Primary Immunodeficiencies

A primary immunodeficiency may affect either adaptive or innate immune functions. Deficiencies involving components of adaptive immunity, such as T or B cells, are thus differentiated from immunodeficiencies in which the nonspecific mediators of innate immunity, such as phagocytes or complement, are impaired. Immunodeficiencies are conveniently categorized by the type or the developmental stage of the cells involved. Figure 19-1 reviews the overall cellular development in the immune system, showing the locations of defects that give rise to primary immunodeficiencies. As Chapter 2 explained, the two main cell lineages important to immune function are lymphoid and myeloid. Most defects that lead to immunodeficiencies affect either one or the other. The lymphoid cell disorders may affect T cells, B cells, or, in combined immunodeficiencies, both B and T cells. The myeloid cell disorders affect phagocytic function. Most of the primary immunodeficiencies are inherited, and the precise molecular variations and the genetic defects that lead to many of these dysfunctions have been determined (Table 19-1 and Figure 19-2). In addition, there are immunodeficiencies that stem from developmental defects that impair proper function of an organ of the immune system.

The consequences of primary immunodeficiency depend on the number and type of immune system components involved. Defects in components early in the hematopoietic developmental scheme affect the entire immune system. In this category is reticular dysgenesis, a stem-cell defect that affects the maturation of all leukocytes; the resulting general failure of immunity leads to susceptibility to infection by a variety of microorganisms. Without aggressive treatment, the affected individual usually dies young from severe infection. In the

VISUALIZING CONCEPTS

VISUALIZING CONCEPTS

Reticular dysgenesis

Congenital agranulocytosis

Chronic granulomatous disease

Reticular dysgenesis

Congenital agranulocytosis

Chronic granulomatous disease

Dysgenesis Reticular

Severe combined immunodeficiency

Pre-T cell

Leukocyte-adhesion deficiency

Severe combined immunodeficiency

Pre-T cell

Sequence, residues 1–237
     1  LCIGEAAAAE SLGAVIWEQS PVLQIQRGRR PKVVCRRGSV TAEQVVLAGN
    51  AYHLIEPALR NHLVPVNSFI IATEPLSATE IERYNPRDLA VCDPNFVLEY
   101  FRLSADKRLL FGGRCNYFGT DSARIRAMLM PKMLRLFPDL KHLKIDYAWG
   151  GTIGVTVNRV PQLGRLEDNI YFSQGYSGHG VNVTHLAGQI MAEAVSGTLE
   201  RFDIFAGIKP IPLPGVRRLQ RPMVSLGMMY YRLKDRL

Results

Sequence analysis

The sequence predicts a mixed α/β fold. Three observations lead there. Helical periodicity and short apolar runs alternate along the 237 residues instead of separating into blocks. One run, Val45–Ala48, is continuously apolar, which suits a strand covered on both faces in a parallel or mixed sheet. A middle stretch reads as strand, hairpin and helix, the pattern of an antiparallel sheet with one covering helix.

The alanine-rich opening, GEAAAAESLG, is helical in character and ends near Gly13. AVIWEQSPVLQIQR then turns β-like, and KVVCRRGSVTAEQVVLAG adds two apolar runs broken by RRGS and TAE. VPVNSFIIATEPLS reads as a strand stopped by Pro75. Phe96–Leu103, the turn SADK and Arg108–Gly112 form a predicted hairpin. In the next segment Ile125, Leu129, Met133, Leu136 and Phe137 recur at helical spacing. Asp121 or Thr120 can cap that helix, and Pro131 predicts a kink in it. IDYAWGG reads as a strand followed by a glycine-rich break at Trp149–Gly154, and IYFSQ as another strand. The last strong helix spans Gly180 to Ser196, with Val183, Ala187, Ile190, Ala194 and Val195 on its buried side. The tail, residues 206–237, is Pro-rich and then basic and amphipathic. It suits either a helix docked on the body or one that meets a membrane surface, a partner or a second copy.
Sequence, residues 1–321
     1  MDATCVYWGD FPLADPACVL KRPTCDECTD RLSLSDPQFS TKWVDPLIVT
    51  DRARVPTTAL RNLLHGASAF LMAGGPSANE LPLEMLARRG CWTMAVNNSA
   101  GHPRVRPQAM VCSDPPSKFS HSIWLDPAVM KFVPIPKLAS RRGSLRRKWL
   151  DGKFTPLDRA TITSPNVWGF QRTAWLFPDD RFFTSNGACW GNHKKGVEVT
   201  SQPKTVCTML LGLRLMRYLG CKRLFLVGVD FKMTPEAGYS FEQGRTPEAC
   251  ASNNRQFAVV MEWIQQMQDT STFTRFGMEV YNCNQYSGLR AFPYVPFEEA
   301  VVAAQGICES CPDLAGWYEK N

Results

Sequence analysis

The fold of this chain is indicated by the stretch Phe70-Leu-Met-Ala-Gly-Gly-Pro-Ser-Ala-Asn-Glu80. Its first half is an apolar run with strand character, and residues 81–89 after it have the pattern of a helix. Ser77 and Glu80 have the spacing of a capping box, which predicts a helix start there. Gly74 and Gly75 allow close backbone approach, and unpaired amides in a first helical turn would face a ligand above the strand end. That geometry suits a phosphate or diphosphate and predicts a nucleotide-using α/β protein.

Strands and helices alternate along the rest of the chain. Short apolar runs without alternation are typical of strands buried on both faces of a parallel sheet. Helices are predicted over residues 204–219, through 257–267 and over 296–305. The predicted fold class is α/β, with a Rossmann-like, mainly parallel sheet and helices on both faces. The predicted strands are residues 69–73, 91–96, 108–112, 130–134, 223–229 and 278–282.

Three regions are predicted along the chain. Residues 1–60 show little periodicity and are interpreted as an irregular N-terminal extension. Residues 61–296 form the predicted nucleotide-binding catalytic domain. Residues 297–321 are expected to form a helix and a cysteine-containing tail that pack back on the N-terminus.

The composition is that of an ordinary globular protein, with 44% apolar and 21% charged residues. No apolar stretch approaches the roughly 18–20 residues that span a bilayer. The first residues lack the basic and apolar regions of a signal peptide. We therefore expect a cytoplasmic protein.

Leukocyte-adhesion deficiency

X-linked agammaglobulinemia

Common variable hypogammaglobulinemia

X-linked hyper-IgM syndrome

Selective immunoglobulin deficiency

X-linked agammaglobulinemia

Common variable hypogammaglobulinemia

X-linked hyper-IgM syndrome

Selective immunoglobulin deficiency

Bruton Agammaglobulinemia

Bare- lymphocyte syndrome

Plasma cell

Memory B cell

DiGeorge syndrome

Bare- lymphocyte syndrome

Plasma cell

Memory B cell

FIGURE 19-1

Congenital defects that interrupt hematopoiesis ciencies, green = humoral deficiencies, red = cell-mediated defi-or impair functioning of immune-system cells result in various ciencies, and purple = combined immunodeficiencies, defects immunodeficiency diseases. (Orange boxes = phagocytic defi- that affect more than one cell lineage.)

more restricted case of defective phagocytic function, the major consequence is susceptibility to bacterial infection. Defects in more highly differentiated compartments of the immune system have consequences that are more specific and usually less severe. For example, an individual with selective IgA deficiency may enjoy a full life span, troubled only by a greater than normal susceptibility to infections of the respiratory and genitourinary tracts.

Some primary human immunodeficiency diseases and underlying genetic defects

Immunodeficiency disease

Specific defect

Impaired function

Inheritance mode*

Chromosomal defect

Severe combined immunodeficiency (SCID)

Bare lymphocyte syndrome

Wiskott-Aldrich syndrome (WAS)

Interferon gamma receptor

DiGeorge syndrome

Ataxia telangiectasia

Gammaglobulinemias

Chronic granulomatous disease

Chediak-Higashi syndrome Leukocyte-adhesion defect

RAG-1/RAG-2 deficiency

ADA deficiency 1

PNP deficiency I

JAK-3 deficiency 1

IL-2Ry-deficiency J

ZAP-70 deficiency

Defect in MHC class II gene promoter

Cytoskeletal protein (CD43)

IFN-y-receptor defect

Thymic aplasia

Defective cell-cycle kinase

X-linked agammaglobulinemia

X-linked hyper-IgM syndrome

Common variable immunodeficiency

Selective IgA deficiency

Cyt p91phox

Cyt p67phox

Cyt p22phox

Defective intracellular transport protein (LYST)

Defective integrin ß2 (CD18)

No TCR or Ig gene rearrangement

Toxic metabolite in T and B cells

Defective signals from IL-2,4, 7,9,15,

Defective signal from TCR

No class II MHC molecules

Defective T cells and platelets

Impaired immunity to mycobacteria

T- and B-cell development

Low IgA, IgE

Bruton's tyrosine kinase (Btk); no mature B cells

Defective CD40 ligand

Low IgG, IgA; variable IgM

Low or no IgA

No oxidative burst for bacterial killing

Inability to lyse bacteria

Leukocyte extravasation

AR AR

AR XL

AD AR XL

XL AR AR

11 p13

20q13 14q13

19p13 Xq13

2q12

16p13

Xp11

6q23

22q11 11 q22 Xq21

Xq26

Complex Complex

Xp21 1q25 16q24

1q42 21q22

*AR = autosomal recessive; AD = autosomal dominant; XL = X linked; "Complex" indicates conditions for which precise genetic data are not available and that may involve several interacting loci.

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Responses

  • mike egger
    Have Reticular Dysgenesis?
    7 years ago
  • Joann
    How does genetic abnormality give rise to reticular dysgenesis?
    7 years ago
  • janie
    How does reticular dysgenesis affect cell function?
    7 years ago

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